The total amount you receive back will depend on the company, whether you want your refund in cash, and whether the payout credited to your account will be subject to currency conversions.

What Is VAT?

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VAT, or Value Added Tax, is a consumption tax levied on the added value of goods and services. Unlike a revenue tax, it’s the private consumers who pay it. 

Most countries, especially within the European Union, apply this tax, though it goes by various names like TVA, IVA, and MwST, among others.

VAT vs. Sales Tax – Know the Difference

In countries like the U.S., consumers are familiar with sales tax. However, European countries, including member states like France and Germany, have a VAT (Value Added Tax) system

The difference? While sales tax is a direct levy on the retail sale of goods, VAT is applied at every production stage.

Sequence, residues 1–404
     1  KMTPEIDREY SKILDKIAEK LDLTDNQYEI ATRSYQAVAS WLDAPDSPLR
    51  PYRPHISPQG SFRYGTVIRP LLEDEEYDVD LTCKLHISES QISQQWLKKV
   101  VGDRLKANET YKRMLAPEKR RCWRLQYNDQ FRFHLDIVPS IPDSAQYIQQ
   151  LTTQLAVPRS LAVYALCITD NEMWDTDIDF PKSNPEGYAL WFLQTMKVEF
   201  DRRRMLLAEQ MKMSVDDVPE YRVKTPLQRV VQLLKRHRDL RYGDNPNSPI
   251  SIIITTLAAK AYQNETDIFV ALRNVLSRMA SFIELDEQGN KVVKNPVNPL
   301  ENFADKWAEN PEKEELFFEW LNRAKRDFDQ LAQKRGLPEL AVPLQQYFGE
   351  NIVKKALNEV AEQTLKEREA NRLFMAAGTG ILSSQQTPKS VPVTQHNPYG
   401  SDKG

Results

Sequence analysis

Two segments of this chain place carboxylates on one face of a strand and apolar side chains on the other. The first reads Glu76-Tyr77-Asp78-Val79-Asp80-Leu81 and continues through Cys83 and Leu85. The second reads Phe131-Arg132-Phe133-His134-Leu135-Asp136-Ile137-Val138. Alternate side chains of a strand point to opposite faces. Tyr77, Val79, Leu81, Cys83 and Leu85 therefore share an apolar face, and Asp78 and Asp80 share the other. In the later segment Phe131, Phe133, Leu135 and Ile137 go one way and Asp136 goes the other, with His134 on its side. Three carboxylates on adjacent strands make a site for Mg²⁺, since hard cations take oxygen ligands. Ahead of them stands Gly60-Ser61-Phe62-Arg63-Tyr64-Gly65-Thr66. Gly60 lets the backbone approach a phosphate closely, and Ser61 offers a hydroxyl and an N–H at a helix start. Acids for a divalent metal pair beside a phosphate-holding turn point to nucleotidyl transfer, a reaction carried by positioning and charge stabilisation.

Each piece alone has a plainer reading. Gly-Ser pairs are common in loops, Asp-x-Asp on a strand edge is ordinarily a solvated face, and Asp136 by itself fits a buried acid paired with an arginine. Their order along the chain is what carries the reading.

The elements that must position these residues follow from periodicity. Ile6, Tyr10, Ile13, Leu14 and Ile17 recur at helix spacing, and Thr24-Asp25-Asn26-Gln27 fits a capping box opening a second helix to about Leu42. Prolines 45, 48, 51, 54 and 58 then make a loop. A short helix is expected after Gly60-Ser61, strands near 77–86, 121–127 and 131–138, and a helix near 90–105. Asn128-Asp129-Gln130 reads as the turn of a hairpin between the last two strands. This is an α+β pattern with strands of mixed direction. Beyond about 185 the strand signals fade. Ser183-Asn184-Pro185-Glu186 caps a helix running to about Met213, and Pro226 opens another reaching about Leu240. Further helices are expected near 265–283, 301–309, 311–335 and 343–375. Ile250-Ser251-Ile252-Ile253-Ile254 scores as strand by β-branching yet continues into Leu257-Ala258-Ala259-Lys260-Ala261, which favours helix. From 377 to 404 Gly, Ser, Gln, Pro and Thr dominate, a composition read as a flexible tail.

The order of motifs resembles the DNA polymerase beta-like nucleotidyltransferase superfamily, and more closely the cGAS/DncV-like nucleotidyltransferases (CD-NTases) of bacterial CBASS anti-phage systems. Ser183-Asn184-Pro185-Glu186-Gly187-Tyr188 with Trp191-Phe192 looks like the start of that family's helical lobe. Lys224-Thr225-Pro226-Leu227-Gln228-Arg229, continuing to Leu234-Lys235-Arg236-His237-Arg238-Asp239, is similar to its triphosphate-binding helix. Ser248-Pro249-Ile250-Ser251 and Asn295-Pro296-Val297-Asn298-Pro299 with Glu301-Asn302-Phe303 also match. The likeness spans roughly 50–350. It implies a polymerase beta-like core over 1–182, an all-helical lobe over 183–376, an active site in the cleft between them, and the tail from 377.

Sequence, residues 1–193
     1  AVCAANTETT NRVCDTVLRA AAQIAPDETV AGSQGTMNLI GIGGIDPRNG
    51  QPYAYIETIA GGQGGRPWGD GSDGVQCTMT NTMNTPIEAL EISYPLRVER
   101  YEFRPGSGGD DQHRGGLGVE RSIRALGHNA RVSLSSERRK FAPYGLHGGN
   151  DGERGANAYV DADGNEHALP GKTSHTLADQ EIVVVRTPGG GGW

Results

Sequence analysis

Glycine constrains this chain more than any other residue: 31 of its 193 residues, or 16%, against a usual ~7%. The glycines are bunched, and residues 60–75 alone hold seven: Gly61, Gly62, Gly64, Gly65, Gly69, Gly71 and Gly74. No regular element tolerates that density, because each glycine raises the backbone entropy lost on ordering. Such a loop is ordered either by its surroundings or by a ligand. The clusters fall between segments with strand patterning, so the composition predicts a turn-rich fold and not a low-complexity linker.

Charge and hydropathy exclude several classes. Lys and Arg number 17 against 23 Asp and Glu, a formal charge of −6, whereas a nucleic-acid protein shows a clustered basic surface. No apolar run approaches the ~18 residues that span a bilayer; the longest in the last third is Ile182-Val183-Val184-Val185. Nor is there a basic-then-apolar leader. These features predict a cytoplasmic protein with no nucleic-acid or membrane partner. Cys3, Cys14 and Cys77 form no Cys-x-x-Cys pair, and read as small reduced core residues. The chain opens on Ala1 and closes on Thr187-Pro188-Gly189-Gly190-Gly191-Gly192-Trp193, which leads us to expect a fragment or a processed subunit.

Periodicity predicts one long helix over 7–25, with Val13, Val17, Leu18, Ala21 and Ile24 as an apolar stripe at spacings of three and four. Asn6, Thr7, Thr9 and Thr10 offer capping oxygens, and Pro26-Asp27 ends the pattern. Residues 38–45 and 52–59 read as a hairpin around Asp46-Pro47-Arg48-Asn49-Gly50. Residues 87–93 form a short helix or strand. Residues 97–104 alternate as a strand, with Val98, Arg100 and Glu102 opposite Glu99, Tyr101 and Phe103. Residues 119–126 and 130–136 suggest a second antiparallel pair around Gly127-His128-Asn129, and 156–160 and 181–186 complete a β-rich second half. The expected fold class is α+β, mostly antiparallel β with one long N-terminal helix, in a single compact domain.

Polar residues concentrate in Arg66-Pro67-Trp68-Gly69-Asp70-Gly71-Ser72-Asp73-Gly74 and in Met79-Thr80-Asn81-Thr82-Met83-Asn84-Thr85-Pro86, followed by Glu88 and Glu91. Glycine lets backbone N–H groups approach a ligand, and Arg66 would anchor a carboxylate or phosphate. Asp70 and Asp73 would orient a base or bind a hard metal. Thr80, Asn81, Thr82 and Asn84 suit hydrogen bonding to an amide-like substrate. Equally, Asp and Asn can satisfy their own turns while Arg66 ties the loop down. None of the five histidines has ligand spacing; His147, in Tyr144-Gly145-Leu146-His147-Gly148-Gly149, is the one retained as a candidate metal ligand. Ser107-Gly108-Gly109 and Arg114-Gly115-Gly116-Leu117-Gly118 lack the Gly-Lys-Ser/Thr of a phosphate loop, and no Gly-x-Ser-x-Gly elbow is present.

How Does VAT Differ Across European Countries?

Each EU member state, from Belgium to Portugal, sets its standard VAT rate. For instance, Denmark has a rate of 25%, while Germany’s rate is 19%. 

The tax rate in each country will determine the total amount of VAT you pay on your purchases. Outside the European Union, Switzerland has a standard rate of 7.7%. It’s essential to know these rates before you start shopping.

The Basics Of VAT Refunds

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Why can you get a VAT Tax Refund?

This system offers tax-free shopping for non-EU residents, meaning the VAT paid can be claimed back. 

When you shop in Spain, the price tag includes VAT, but you’re eligible for a refund on this tax as a visitor. This is because, from a tax authorities’ perspective, purchased goods by tourists are akin to “exports”.

Am I Eligible for a VAT Refund? Who can Claim the VAT Refund?

The primary criteria: you should reside outside the European Union. But there’s more to the eligibility checklist.